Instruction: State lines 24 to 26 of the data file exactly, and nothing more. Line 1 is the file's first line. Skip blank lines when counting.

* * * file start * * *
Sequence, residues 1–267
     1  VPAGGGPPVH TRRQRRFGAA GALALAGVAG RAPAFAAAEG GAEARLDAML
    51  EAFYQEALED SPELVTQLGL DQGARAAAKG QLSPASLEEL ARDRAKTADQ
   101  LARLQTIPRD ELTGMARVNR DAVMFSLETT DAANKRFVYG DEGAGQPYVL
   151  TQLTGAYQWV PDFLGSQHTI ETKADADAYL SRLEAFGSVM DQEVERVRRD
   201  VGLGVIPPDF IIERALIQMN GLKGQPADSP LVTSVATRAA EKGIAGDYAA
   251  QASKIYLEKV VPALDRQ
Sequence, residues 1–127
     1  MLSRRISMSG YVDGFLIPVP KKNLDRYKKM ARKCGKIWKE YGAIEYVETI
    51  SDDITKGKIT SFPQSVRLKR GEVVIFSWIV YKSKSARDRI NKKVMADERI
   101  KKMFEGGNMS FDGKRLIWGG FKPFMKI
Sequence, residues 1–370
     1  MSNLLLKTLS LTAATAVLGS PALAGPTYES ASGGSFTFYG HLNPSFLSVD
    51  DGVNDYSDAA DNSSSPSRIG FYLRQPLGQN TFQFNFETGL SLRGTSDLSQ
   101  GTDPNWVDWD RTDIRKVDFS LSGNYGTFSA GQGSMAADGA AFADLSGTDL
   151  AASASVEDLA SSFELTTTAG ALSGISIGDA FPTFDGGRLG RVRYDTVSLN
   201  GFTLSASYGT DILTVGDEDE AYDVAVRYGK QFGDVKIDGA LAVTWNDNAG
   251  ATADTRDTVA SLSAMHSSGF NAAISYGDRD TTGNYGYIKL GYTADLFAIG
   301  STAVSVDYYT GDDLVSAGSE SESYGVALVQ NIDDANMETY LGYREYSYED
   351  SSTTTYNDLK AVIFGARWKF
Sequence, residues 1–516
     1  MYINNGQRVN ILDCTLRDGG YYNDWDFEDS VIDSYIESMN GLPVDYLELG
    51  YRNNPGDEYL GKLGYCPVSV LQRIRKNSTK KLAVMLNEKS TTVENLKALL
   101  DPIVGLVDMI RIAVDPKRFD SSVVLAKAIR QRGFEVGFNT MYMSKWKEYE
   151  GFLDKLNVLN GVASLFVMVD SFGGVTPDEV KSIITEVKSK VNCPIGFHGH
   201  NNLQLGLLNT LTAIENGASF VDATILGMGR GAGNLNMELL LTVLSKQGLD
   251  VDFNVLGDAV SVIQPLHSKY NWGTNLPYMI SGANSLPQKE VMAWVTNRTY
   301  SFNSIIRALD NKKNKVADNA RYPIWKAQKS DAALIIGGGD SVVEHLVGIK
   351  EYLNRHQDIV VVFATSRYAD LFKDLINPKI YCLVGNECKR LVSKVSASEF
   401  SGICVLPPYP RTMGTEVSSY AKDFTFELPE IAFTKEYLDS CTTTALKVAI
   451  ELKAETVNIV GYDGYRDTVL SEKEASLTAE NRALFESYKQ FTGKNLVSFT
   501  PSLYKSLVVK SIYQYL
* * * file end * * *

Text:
   101  DPIVGLVDMI RIAVDPKRFD SSVVLAKAIR QRGFEVGFNT MYMSKWKEYE
   151  GFLDKLNVLN GVASLFVMVD SFGGVTPDEV KSIITEVKSK VNCPIGFHGH
   201  NNLQLGLLNT LTAIENGASF VDATILGMGR GAGNLNMELL LTVLSKQGLD